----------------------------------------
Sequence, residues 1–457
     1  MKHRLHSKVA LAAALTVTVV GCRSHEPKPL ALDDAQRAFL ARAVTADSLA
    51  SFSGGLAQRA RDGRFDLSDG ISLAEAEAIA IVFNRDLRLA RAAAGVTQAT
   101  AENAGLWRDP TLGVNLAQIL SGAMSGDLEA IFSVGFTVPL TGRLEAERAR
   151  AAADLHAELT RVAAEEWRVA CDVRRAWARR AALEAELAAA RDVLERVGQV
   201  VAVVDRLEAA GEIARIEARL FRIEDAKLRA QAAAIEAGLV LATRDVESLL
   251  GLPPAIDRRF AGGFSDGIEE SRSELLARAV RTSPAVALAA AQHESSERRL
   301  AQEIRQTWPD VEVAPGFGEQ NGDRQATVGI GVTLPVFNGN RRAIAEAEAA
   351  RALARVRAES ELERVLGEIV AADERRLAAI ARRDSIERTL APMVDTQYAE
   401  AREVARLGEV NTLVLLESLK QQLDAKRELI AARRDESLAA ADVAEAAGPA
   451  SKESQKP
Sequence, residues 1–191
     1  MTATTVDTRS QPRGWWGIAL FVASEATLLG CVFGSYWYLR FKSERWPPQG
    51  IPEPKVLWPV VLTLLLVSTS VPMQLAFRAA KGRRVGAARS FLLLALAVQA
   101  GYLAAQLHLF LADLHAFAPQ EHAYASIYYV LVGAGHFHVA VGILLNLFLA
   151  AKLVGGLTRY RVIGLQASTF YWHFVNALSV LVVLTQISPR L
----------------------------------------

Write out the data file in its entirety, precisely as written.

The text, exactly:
Sequence, residues 1–457
     1  MKHRLHSKVA LAAALTVTVV GCRSHEPKPL ALDDAQRAFL ARAVTADSLA
    51  SFSGGLAQRA RDGRFDLSDG ISLAEAEAIA IVFNRDLRLA RAAAGVTQAT
   101  AENAGLWRDP TLGVNLAQIL SGAMSGDLEA IFSVGFTVPL TGRLEAERAR
   151  AAADLHAELT RVAAEEWRVA CDVRRAWARR AALEAELAAA RDVLERVGQV
   201  VAVVDRLEAA GEIARIEARL FRIEDAKLRA QAAAIEAGLV LATRDVESLL
   251  GLPPAIDRRF AGGFSDGIEE SRSELLARAV RTSPAVALAA AQHESSERRL
   301  AQEIRQTWPD VEVAPGFGEQ NGDRQATVGI GVTLPVFNGN RRAIAEAEAA
   351  RALARVRAES ELERVLGEIV AADERRLAAI ARRDSIERTL APMVDTQYAE
   401  AREVARLGEV NTLVLLESLK QQLDAKRELI AARRDESLAA ADVAEAAGPA
   451  SKESQKP
Sequence, residues 1–191
     1  MTATTVDTRS QPRGWWGIAL FVASEATLLG CVFGSYWYLR FKSERWPPQG
    51  IPEPKVLWPV VLTLLLVSTS VPMQLAFRAA KGRRVGAARS FLLLALAVQA
   101  GYLAAQLHLF LADLHAFAPQ EHAYASIYYV LVGAGHFHVA VGILLNLFLA
   151  AKLVGGLTRY RVIGLQASTF YWHFVNALSV LVVLTQISPR L